Naomi Haile is curious about people, their paths and what drives them. In 2017, she launched the Power of Why Podcast. Her guests have taken the non-linear path in business, venture capital and other creative professions to share their story. Each episode explores people’s philosophy on life and work.

As we all navigate our lives and careers, Naomi hopes that everyone she connects with – guests and listeners – can shape products, companies, and communities of impact.

Naomi is a consultant at QuakeLab. She recently graduated from Columbia University, studying Human Capital Management.

Connect with Naomi

In support of its Women Founders and Owners strategy, Invest Ottawa offers programs and services that enable and accelerate the growth and success of women entrepreneurs from every walk of life. Visit to learn more!

Mar 14, 2023

This featured story is brought to you by the Power of Why Podcast in collaboration with Invest Ottawa, with critical support from BDC Capital’s Thrive Venture Fund and Title Sponsor of International Women’s Week. We teamed up to produce this special series to celebrate women leading in Ottawa for International Women’s Week (IWW 2023) and shine the spotlight on our IWW 2023 featured leaders to unpack their passion and purpose.

Each year, five inspirational leaders are selected to represent International Women’s Week. They are role models achieving a significant impact on our economy, community and society, and embody the spirit, goals and values of IWW.  

How will you be remembered?

When her parents suddenly passed away, 11-year-old Thusha saw how their devotion to others kept them alive — an unquenchable force, multiplied in the hearts they touched. 

Today she carries their torch, seeking spaces where her impact can grow. 

Building engineering teams at BlackBerry and Magnet Forensics. Advocating for diverse representation in tech. Mentoring the next generation of women in STEM. Accelerating the adoption of sustainable energy as Aurora Solar’s Director of Engineering.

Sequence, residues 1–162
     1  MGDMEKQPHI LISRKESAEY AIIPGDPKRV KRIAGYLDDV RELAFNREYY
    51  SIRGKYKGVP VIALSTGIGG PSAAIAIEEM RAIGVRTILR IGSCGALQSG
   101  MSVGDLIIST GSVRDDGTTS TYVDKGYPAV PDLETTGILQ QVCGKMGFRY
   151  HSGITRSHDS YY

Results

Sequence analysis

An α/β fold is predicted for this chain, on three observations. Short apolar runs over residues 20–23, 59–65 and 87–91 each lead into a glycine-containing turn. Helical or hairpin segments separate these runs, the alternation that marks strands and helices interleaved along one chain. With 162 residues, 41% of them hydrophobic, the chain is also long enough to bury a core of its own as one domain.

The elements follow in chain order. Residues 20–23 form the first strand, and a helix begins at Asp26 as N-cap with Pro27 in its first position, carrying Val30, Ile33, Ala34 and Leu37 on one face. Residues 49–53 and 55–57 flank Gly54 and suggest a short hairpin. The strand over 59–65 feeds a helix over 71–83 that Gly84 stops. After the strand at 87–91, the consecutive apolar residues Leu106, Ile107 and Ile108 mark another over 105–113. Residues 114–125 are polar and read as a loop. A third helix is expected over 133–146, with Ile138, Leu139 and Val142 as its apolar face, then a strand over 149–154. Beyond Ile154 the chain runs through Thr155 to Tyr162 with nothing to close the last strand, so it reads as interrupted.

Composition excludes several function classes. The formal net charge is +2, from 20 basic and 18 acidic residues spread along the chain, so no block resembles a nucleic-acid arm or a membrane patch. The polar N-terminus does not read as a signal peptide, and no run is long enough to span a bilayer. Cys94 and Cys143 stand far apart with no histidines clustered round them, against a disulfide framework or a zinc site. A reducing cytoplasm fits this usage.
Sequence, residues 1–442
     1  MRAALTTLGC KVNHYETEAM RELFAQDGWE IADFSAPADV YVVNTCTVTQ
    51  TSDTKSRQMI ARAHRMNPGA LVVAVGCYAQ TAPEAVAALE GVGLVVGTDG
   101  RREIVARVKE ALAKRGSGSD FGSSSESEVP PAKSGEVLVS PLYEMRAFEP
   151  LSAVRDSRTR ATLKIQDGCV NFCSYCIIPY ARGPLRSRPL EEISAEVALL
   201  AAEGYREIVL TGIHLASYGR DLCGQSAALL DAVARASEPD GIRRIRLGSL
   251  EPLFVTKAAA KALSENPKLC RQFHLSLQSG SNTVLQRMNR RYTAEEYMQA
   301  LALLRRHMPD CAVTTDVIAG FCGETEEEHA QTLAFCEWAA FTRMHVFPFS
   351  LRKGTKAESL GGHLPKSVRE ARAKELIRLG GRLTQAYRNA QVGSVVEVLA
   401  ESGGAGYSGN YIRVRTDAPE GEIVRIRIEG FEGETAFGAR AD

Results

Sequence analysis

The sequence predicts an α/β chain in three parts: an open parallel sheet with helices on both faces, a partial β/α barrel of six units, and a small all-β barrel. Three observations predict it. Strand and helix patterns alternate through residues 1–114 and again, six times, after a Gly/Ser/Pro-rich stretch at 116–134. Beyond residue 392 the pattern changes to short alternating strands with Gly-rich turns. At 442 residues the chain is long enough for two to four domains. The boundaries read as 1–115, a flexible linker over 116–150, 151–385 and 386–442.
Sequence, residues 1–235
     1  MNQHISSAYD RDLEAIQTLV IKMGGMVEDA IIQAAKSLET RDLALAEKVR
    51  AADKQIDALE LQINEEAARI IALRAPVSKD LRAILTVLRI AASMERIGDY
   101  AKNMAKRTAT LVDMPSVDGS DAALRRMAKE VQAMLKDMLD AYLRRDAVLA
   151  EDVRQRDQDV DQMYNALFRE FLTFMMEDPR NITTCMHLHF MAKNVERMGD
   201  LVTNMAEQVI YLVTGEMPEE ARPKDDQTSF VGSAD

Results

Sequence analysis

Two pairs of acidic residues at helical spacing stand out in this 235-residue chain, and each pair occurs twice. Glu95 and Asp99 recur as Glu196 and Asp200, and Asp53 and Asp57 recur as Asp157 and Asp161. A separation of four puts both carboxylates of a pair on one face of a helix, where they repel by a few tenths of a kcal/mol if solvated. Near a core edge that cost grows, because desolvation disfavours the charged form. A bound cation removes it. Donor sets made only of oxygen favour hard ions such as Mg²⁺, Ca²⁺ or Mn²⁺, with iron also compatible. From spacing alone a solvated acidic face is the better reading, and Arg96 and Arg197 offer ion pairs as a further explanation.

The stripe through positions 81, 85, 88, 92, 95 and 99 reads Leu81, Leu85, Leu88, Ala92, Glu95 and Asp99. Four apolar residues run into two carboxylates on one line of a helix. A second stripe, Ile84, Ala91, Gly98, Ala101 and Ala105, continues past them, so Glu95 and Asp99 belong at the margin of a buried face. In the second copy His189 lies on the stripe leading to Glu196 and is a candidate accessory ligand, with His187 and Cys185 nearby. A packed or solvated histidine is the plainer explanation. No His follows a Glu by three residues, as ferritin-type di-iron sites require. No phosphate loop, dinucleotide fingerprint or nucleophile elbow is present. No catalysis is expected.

Here’s how she keeps her eye on the horizon.

Listen to the episode on  Spotify / Apple Podcasts / Google Podcasts

This episode is for you if:

  • You’re passionate about social impact and tech 
  • You’re considering a career change, but worry it’s too late 
  • You struggle to negotiate at work
  • You’re a manager who wants to create stronger, more collaborative teams

Looking for a specific gem?

[2:39] What it’s like to grow up in Sri Lanka

[3:15] Book fairs = Thusha’s happy place  

[4:42] When work is an extension of your childhood self  

[8:50] Giving kids space to grow, experiment and explore

[11:42] The irresistible world of climate and solar tech 

[12:27] To generate good ideas, normalise sharing bad ones

[14:54] Is self-doubt stopping you, too?  

[15:40] Thusha’s work is about making (and growing) her impact

[17:00] You have to ask for the things that you want 

[21:00] The electrifying power of women on stage  

[24:52] Who aren’t you hearing from? 

[27:19] When someone makes a mistake, how do you respond? 

[36:17] You have more transferable skills for tech than you think  

[38:00] The courage to change careers makes some of Thusha’s best hires

Listen to the episode on  Spotify / Apple Podcasts / Google Podcasts

Tune in to the podcast or take the time to digest each article found below. Regardless of the format, there’s great content in store for you!

Naomi Haile: How would you describe your childhood? 

Thusha Agampodi: I grew up in Sri Lanka, where I spent about 14 years of my life. Growing up in a Buddhist household, my parents were heavily involved in our community. As kids, I’d complain, but they’d drag us to all their events, to volunteer. They were demonstrating by example how much they gave back to the community. 

I can see all the compassion and kindness that was around me. I’m so grateful to my parents for sharing those values with me. As a kid, I climbed trees, played a lot of cricket, and read an incredible amount. My dad used to take me to book fairs. Just the smell and looking at bookcases full of new books was where I found the most joy. 

When I was around 11 my parents passed away. The grief came much later in my life. You look back and see all the events that your parents were not there for. I learned a lot going to their funeral and seeing the community they supported celebrate their life. That’s how I would like to live my life. The biggest lesson is knowing how short life is.